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5 ways to flip the classroom with Interactive Video | FeedbackFruits tips

Dan Hasan
Rebecca LeBoeuf
Rebecca LeBoeuf
|
August 24, 2022
Table of Contents

Lectures aren’t like they used to be. Even with many students returning to physical classes for lessons, many courses still use pre-recorded lectures, as well as compulsory resources and homework with video. Just like with other media, digesting these videos can present problems for learners: low motivation, unanswered questions, and lack of depth. The result of these problems is that learners come to class unprepared for deeper discussions, and  teachers often have to repeat basic concepts from the preparatory material.

With our Interactive Video tool, students are rewarded for engaging with content and encouraged to participate in discussions and ask questions embedded in the material. At the same time, teachers gain insight into progress and performance essential for judging the uptake of material. But successful outcomes are never as simple as just plugging in technology: to get the most out of Interactive Video, educators have made use of the following features to support their existing pedagogy. We explain all below:

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1. Let students take charge of the discussion

You probably knew you could add question and discussion threads yourself as a teacher. But did you know you can also allow students to post their own questions? Enabling this feature allows the student to switch roles and pose guided questions to the rest of their class. You can even respond as a teacher!

Providing space for this can help students gain autonomy and confidence with critical thinking and taking part in discussions, building their knowledge in a collaborative space. Incidentally, this is the core idea behind FeedbackFruits: making communication in education a two-way street.

Figure 1. Allow students to make contributions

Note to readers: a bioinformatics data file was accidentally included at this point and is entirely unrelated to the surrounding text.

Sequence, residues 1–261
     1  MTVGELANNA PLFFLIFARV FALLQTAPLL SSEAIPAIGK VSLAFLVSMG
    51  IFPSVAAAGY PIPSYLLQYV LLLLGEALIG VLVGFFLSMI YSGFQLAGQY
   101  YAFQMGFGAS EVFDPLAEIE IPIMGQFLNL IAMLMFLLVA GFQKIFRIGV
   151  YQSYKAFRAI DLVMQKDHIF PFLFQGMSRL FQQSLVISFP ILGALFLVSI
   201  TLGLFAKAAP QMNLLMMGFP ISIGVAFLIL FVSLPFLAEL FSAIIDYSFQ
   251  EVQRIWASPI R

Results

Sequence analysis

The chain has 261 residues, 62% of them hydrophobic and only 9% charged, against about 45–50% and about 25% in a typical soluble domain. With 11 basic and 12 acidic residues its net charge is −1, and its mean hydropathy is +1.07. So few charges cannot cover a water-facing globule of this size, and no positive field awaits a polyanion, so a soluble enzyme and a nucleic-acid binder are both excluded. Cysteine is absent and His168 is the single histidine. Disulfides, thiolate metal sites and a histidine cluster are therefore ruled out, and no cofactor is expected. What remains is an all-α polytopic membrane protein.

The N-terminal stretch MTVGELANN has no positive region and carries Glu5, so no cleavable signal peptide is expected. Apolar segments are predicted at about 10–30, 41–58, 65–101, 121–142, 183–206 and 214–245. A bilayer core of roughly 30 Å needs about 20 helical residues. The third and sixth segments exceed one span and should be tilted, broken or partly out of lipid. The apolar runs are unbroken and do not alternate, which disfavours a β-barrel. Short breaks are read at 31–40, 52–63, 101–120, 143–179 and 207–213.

2. Make use of deadlines and time windows

How often is it that everyone completes their homework on time? No matter how many times it’s mentioned in the syllabus, on the LMS, or in weekly emails, students often forget when, where or how to hand in work (if it was indeed completed on time). With deadlines in Interactive Video, you can not only require steps to be completed on time in order to receive more points, but with time windows and extensions, you can be as specific as you like with giving individuals more time, and pre-determining when steps will be open for completion. 

The benefit of this is increased structure and flexibility - and this results in students who (at least in theory) know what is expected of them, at what time, and in what mode. Also good to know: notifications in the activity and via email also prompt students to remember upcoming deadlines!

Figure 3. Anonymous setting

4. Change what grading means

When it comes to assessment, there are many ideas about how to implement fairer, authentic, meaningful practices, with some schools removing grades entirely. With the ability to configure grading in Interactive Video and our other tools, you communicate to students how important it is to, for example, complete discussions, answer questions (correctly or not), write reflections, or engage with their peers. As your course is your expertise, you know best which factors are the most important to focus students towards what matters most. 

Do you want students to know that answering questions about the material is important, but don't want to pressure them to already have the correct answers? Then configure the grades to reward the answering of questions, but not whether they were answered correctly. In this way, a student who gets everything ‘wrong’ can still get full points for trying. This can do wonders for motivation and pre-class preparation.

5. Make it accessible

Not everyone learns the same way. We’ve worked with frameworks such as Inclusive Course Design  and Universal Design for Learning (UDL) which invite us to consider how knowledge should be  expressed, represented, and communicated to address different learning needs. And it’s undeniable that some learners benefit more from other modes of representation: audio; video; text; images, etc.

So even though you’re using a video, consider whether students might benefit from added layers of accessibility:

  • Is the audio understandable to everyone, also from different backgrounds? Do you need to add subtitles?
  • Are written instructions sufficient or might learners benefit from an image or audio attachment?
  • Do students know how/when/where to contact you or their peers for questions about the material?

Conclusion

These considerations are the tip of the iceberg, and in general, accessibility should be considered throughout the course design and not just at the end. However, making use of these sorts of features can result in a more engaging, personable, and nourishing learning experience for more students.

Did you enjoy this article and would you like to read more tips and suggestions on using our tools? Type "FeedbackFruits Tips" in the search bar to explore our other resources.

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